The U.S. Meat Export Federation (USMEF) has released its latest 2014 beef and pork export figures, based on USDA data. And with December figures yet to be calculated, the value of U.S. beef exports through November set a new annual record. The value of beef exports from January through November 2014 reached $6.49 billion, a 16 percent increase over the same period in 2013.
The volume of beef exports during November were down 5 percent from a year earlier, but on an annual basis remained 2 percent higher than those during 2013.
Through November 2014, the U.S exported about 14 percent of total beef production and 11 percent of muscle cuts, according to USMEF. During November, exports contributed $359.77 per head to the value of finished cattle, an increase of 3 percent over a year earlier. For the January through November 2014 period, the value of beef exports to producers averaged $293.96 per head, up 16 percent from the same period in 2013.
Strong export demand, resilient beef demand here the United States and ongoing short supplies of finished cattle have pushed cattle and wholesale beef prices higher in recent weeks. This week, USDA reporting the Choice cutout moving above $250 per hundredweight and fed-steer values averaging near $170 per hundredweight.
The Choice cutout on Wednesday gained $2.42 per hundredweight to average $252.75, after a $0.97 gain on Tuesday moved the average above $250. The Select cutout on Wednesday averaged $242.12 per hundredweight, leaving a Choice-Select spread of $10.63, according to the USDA’s daily National Cattle and Beef Summary. On Thursday, the Choice cutout rose another $1.82 to $254.57 per hundredweight and Select was up $3.22 to $245.34.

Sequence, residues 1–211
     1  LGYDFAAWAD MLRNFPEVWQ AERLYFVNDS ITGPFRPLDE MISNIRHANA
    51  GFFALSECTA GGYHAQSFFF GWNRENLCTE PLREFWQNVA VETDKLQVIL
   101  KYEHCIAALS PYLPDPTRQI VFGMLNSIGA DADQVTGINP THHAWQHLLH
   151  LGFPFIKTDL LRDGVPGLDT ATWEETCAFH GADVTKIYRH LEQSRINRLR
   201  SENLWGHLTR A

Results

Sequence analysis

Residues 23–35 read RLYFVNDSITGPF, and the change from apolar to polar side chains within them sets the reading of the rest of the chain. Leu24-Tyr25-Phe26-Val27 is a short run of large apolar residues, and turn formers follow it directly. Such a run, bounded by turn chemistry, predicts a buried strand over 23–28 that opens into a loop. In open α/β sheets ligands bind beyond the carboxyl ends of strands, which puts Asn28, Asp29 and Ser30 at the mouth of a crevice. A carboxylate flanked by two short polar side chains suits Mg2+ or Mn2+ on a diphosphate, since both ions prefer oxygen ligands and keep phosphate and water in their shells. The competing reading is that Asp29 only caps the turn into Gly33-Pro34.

USDA’s Five Area Weekly Accumulated Weighted Average Cattle Price report on Wednesday showed an average live-steer price of $169.46 per hundredweight, with heifers averaging $169.74. Last week, live steers averaged $166.11 per hundredweight, up $4.06 from the previous week.
USMEF President and CEO Philip Seng says U.S. beef exports face economic challenges in leading markets in the coming year. “Demand for U.S. beef and pork remains strong, as international buyers appreciate the unmatched quality and consistency of our products,” he said. “But lower slaughter numbers reduced 2014 supplies, which obviously had an impact on prices, and in recent months buying power in many key markets has been affected by slowing economic growth and weaker currencies. Market access restrictions in several important markets, including China and Russia, also had a big impact on opportunities for U.S. exports last year. The outlook for 2015 is for more of the same, but our industry has proven its ability to identify and develop export outlets in difficult times. When I look across the world as a whole, I still see good potential for further expansion of red meat exports in 2015.”
Other key figures from USMEF include:
Other January-November beef results include:
· Exports to Hong Kong surpassed $1 billion for the first time ($1.01 billion, up 39 percent) on volume of 137,435 mt (up 19 percent).
· Strong momentum continued for U.S. beef in South Korea, as exports were up 14 percent in volume (107,147 mt) and 44 percent in value ($762.8 million). On a value basis, U.S. market share in Korea climbed from 38 percent in 2013 to 42 percent in 2014.
· Exports to Taiwan rebounded from a slow start in 2014, reaching 30,984 mt (up 6 percent) valued at a record $264.8 million (up 15 percent).